The emergence of Jewish ghettos during the Holocaust
Call Number940.53185 M63e
Statement of ResponsibilityDan Michman ; translated by Lenn J. Schramm.
Summary"This book is a linguistic-cultural study of the emergence of the Jewish ghettos during the Holocaust. It traces the origins and uses of the term 'ghetto' in European discourse from the sixteenth century to the Nazi regime. It examines with a magnifying glass both the actual establishment of and the discourse of the Nazis and their allies on ghettos from 1939 to 1944. With conclusions that oppose all existing explanations and cursory examinations of the ghetto, the book impacts overall understanding of the anti-Jewish policies of Nazi Germany." —Publisher
- Historiography and Popular Understandings
- Ghetto: The Source of the Term and the Phenomenon in the Early Modern Age
- Ghetto and Ghettoization as Cultural Concepts in the Modern Age
- The Nazis' Anti-Jewish Policy in the 1930s in Germany and the Question of Jewish Residential Districts
- First References to the Term 'Ghetto' in the Ideological Discourse of the Makers of Anti-Jewish Policies in the Third Reich (1933–1938)
- The Semantic Turning Point in the Meaning of 'Ghetto': Peter-Heinz Seraphim and Das Judentum in osteuropäischen Raum
- The Invasion of Poland and the Emergence of the 'Classic' Ghettos
- Methodological Interlude: The Term 'Ghettoization' and Its Use During the Holocaust Itself and in Later Scholarship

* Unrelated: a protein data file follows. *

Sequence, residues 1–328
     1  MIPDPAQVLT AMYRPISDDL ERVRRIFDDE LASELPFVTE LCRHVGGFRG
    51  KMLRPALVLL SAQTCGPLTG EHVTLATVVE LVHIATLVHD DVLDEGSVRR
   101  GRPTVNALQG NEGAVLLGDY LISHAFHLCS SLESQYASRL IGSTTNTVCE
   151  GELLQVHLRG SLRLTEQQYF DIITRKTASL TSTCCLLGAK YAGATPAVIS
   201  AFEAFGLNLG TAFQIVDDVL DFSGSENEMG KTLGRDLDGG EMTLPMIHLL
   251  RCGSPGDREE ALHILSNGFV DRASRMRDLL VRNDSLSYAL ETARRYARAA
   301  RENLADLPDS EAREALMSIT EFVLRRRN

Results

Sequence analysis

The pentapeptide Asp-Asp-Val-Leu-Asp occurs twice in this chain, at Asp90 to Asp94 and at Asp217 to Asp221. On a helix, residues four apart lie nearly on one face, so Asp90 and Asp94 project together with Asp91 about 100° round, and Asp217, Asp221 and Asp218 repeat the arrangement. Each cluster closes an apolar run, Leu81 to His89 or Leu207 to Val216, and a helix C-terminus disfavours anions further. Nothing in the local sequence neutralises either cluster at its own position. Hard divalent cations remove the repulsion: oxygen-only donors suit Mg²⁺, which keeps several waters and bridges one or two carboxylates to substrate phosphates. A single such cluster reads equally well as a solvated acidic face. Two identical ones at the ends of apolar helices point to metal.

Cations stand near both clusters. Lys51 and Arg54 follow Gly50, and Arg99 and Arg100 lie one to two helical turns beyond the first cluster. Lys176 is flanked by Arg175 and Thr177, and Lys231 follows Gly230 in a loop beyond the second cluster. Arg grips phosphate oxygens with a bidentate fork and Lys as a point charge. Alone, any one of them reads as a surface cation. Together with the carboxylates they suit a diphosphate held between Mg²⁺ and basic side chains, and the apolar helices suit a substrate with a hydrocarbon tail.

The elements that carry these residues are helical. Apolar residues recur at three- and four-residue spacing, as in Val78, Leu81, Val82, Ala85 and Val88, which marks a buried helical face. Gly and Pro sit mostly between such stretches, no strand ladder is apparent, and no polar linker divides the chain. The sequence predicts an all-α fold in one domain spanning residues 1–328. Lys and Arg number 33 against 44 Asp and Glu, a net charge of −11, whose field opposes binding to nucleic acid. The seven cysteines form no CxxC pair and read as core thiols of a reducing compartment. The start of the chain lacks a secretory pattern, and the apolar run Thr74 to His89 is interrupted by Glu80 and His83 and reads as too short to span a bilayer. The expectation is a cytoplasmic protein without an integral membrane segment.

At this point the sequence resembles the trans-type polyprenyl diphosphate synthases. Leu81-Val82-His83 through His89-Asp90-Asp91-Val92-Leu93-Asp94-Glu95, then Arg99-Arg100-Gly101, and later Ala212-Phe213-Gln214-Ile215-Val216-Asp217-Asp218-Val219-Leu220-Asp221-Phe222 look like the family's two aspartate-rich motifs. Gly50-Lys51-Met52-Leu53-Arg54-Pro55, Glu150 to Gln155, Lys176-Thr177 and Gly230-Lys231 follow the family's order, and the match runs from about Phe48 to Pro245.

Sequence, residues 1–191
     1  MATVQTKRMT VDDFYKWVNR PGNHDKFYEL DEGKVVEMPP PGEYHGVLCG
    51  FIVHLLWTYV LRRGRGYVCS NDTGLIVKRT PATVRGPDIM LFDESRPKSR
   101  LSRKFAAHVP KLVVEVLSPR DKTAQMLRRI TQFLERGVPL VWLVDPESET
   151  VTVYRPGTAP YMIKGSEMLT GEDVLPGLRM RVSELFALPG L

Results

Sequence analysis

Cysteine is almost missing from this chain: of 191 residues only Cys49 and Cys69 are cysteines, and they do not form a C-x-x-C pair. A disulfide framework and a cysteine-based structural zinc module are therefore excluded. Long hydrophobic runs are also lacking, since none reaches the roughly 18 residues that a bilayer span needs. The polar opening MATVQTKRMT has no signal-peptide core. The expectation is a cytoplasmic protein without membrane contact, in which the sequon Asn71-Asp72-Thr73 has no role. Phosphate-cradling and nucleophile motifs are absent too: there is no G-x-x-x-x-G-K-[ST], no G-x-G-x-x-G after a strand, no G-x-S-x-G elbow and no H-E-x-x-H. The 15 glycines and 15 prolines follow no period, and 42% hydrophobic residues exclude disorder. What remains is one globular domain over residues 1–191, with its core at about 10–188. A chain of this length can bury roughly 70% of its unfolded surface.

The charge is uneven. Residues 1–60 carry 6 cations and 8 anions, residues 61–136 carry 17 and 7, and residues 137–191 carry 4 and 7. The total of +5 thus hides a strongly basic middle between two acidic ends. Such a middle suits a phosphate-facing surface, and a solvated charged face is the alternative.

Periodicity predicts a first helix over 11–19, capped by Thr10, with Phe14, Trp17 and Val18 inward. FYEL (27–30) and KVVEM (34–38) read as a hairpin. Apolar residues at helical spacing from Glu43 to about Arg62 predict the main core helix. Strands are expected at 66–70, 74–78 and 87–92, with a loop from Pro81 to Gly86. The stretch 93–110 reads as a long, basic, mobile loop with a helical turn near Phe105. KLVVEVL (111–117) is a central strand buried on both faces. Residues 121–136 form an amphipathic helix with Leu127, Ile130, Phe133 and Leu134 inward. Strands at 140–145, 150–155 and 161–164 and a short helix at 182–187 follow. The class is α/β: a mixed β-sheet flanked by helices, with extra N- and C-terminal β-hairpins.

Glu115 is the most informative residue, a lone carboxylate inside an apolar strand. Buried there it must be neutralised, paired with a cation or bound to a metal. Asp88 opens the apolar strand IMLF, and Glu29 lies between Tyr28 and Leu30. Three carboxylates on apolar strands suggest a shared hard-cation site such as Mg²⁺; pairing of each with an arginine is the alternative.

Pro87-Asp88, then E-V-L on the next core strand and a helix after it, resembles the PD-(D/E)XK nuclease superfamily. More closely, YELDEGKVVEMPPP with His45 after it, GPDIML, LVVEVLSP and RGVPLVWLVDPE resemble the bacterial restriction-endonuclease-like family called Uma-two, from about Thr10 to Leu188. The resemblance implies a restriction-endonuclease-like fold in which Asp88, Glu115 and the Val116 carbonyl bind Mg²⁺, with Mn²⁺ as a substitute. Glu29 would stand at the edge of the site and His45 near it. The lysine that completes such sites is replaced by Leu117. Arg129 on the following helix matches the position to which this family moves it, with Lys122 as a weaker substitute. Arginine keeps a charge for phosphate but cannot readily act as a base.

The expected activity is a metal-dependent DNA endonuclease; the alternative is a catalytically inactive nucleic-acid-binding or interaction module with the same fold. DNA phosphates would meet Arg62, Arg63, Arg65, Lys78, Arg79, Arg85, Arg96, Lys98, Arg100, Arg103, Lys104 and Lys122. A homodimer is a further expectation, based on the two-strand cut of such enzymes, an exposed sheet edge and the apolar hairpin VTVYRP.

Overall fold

- Would the Idea Spread to Other Places?: Amsterdam 1941, the Only Attempt to Establish a Ghetto West of Poland
- Ghettos During the Final Solution, 1941–1943: The Territories Occupied in Operation Barbarossa
- Ghettos During the Final Solution Outside the Occupied Soviet Union: Poland, Theresienstadt, Amsterdam, Transnistria, Salonika and Hungary
- Summary and Conclusion
Physical Description viii, 191 pages : illustrations, maps ; 23 cm
LanguageEnglish, Translated by Lenn J. Schramm.
Publisher[Jerusalem] : Yad Vashem ; Cambridge : Cambridge University Press
NotesIncludes bibliographical references (pages 163–182) and index
RecognitionGifted in 2018 by Barbara & Herb Silber: "In memory of Esther z'l & Leon Kaufman z'l, Schindler Holocaust Survivors; in honour of their daughter Lyliane Thal on her 70th birthday, whose infinite love for her beautiful parents continues to live in her heart."